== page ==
I’ve had the opportunity to rehabilitate a number of React-based web applications built with Redux in recent years. Like many codebases, these apps have their share of problems, but I’ve observed there are a few particularly common themes. Fortunately, there’s a straightforward fix for these problems, and on a few occasions, this fix has left me with happy clients.
First, let’s look at what often goes wrong:
Problem Theme 1: Data Management
* How do you initiate requests to your API? Initiating a fetch request when a component mounts is tempting but often causes problems.
* What can you do to manage the concurrency of these API requests? It’s probably not ideal to have multiple in-flight requests for the same data, for example.
* How do you manage loading states?
* Once you’ve got data loaded, how do you pass it around into different UI components? If you choose prop-drilling, your code can become tedious and hard to follow. If you choose to store it in Redux, you now have a lot of extra work. How do you structure your app state? To what extent do you normalize data? Now you’ve got to define a bunch of Redux actions and reducers to wrangle all this, too.
While this infrastructure is critical, it’s also hard to get right. From what I’ve seen, it’s all too common to have ad-hoc half-solutions to these problems; the end result is a large amount of messy code that is hard to effect change in.
Problem Theme 2: Poor API Performance
A natural consequence of the pain of API interface and data management is the temptation to make the API perform more heavy lifting in support of the UI.
Some examples of this include:
* Fewer endpoints that load a larger set of data.
* Endpoints that pre-process data into a structure that mirrors the structure of the UI components. Or at least the _initial_ structure of the UI.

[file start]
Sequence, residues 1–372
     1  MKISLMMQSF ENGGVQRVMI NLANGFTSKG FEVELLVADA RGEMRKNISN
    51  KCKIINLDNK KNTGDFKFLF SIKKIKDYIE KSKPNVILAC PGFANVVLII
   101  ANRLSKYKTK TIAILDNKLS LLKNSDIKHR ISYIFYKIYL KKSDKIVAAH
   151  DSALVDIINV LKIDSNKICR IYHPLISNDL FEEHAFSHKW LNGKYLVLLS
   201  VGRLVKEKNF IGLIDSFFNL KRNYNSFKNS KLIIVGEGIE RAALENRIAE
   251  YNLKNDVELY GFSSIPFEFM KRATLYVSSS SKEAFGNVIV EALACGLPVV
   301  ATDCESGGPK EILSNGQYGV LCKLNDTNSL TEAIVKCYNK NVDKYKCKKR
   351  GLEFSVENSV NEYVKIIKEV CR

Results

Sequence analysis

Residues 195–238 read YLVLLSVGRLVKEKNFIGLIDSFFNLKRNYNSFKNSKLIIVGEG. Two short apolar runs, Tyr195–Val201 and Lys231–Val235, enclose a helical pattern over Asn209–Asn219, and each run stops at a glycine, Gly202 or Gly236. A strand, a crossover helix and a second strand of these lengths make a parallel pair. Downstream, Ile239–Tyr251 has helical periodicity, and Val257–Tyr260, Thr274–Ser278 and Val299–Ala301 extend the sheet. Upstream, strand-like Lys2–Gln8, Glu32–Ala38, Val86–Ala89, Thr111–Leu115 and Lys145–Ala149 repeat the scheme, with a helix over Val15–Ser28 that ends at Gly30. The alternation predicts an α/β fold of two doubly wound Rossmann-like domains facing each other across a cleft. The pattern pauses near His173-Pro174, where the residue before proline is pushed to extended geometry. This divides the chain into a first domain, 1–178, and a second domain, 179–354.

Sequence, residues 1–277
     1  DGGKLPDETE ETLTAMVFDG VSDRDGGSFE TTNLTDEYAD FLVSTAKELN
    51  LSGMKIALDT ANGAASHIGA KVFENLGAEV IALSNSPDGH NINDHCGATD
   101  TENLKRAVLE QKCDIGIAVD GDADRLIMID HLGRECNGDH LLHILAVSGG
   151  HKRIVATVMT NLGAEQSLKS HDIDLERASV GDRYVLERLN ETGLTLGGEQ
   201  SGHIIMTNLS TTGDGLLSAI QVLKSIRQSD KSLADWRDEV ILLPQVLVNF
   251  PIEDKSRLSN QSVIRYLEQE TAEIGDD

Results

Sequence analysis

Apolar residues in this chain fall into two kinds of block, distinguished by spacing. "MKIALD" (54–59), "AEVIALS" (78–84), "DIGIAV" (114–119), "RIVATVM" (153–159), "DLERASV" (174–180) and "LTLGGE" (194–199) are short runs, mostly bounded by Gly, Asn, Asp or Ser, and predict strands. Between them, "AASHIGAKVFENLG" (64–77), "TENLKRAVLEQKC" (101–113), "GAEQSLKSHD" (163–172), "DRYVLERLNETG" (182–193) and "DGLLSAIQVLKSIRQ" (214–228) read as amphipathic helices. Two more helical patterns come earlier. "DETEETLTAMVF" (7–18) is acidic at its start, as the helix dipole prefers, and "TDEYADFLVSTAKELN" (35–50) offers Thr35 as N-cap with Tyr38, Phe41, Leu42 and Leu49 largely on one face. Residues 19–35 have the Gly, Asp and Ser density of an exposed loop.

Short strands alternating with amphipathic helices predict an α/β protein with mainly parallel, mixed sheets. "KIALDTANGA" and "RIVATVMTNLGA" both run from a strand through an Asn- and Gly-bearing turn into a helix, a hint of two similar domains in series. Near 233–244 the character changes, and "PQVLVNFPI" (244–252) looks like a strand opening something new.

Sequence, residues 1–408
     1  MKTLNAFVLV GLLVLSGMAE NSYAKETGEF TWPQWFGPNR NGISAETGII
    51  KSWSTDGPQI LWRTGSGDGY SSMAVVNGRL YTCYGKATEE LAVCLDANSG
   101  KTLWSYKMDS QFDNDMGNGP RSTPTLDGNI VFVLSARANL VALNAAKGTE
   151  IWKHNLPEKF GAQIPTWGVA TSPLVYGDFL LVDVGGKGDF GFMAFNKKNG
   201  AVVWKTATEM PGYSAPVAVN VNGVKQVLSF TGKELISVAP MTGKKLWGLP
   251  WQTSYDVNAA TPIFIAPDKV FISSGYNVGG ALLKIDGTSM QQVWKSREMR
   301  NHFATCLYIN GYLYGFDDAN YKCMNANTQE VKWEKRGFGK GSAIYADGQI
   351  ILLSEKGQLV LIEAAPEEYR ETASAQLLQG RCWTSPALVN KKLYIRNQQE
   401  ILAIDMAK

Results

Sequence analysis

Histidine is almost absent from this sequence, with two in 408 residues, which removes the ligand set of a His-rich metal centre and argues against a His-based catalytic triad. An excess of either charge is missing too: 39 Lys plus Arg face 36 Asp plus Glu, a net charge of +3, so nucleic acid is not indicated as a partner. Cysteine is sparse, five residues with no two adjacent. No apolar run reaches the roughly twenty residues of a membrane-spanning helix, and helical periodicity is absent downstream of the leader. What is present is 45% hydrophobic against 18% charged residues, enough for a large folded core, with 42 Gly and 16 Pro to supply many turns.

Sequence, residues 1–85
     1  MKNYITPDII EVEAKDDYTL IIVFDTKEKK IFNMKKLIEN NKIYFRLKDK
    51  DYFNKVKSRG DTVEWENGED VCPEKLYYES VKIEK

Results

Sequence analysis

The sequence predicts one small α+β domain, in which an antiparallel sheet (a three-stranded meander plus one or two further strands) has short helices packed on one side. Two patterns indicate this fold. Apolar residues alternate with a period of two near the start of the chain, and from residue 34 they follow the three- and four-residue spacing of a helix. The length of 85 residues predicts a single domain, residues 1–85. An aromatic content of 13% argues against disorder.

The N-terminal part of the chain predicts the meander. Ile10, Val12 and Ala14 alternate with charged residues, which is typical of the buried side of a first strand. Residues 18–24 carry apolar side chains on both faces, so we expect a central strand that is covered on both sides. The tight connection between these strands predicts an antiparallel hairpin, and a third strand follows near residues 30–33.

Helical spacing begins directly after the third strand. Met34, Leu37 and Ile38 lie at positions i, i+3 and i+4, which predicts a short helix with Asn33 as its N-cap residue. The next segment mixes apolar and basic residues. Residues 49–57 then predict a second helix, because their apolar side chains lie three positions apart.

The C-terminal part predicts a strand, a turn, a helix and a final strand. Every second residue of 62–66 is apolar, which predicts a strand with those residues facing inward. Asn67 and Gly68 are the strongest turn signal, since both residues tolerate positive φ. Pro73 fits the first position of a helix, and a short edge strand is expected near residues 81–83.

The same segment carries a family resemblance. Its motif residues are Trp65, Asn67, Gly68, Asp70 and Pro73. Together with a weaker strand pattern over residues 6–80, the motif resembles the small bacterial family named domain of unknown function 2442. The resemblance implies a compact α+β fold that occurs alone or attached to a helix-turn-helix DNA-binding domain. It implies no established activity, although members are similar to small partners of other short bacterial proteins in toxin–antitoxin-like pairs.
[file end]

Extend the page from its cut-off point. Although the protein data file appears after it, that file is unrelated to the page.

* Pushing some UI display concerns into the endpoints.
The net result of this is that your endpoints use more memory and CPU and perform a higher number of database queries. It’s common to see some n+1 queries sneak their way in these endpoints, too.
During development, testing, and initial production use, everything runs fine. Over time, as the system gains users and stores more data, the wheels start to fall off. The entire app feels slow, the server occasionally times out, and the users’ perception of the quality of the system is low.
Problem Theme 3: Mismatched Data
The last theme that often begins to crop up is the difficulty of keeping the API and UI in sync, in terms of the structure of data. Given the previous themes have increased the overall complexity of the structure of your API’s data, these themes all compound together.
Subtle bugs and reduced development velocity become the reality.
Unfortunately, the only real fix is to fundamentally address the missing pieces of infrastructure. This is going to take some work.
There is good news, however: there are well-supported and popular tools that fill in these gaps. Rather than design your own solutions, you can set up these tools and refactor code to make use of them. Here’s my currently favored approach:
* Introduce GraphQL and use Apollo Client in your UI. This immediately solves a majority of problems related to API access, data management, and extraneous use of Redux.
* Use graphql-code-generator and typescript in your UI. Preferably use their typed-document-node plugin. This will help you eliminate data structure mismatches.
* Use dataloader or equivalent in your server’s GraphQL resolvers to fix n+1 queries
* Introduce a data caching layer in your server. Often, this fits right into your dataloader layer.
And that’s essentially it. Admittedly, some of this is easier said than done. In some circumstances, implementing a proper dataloader can be challenging. Beyond that, you’ll have to refactor or rewrite a nontrivial chunk of code.
When the end result feels like a fast, brand new app without requiring a full rewrite, this price is well worth it.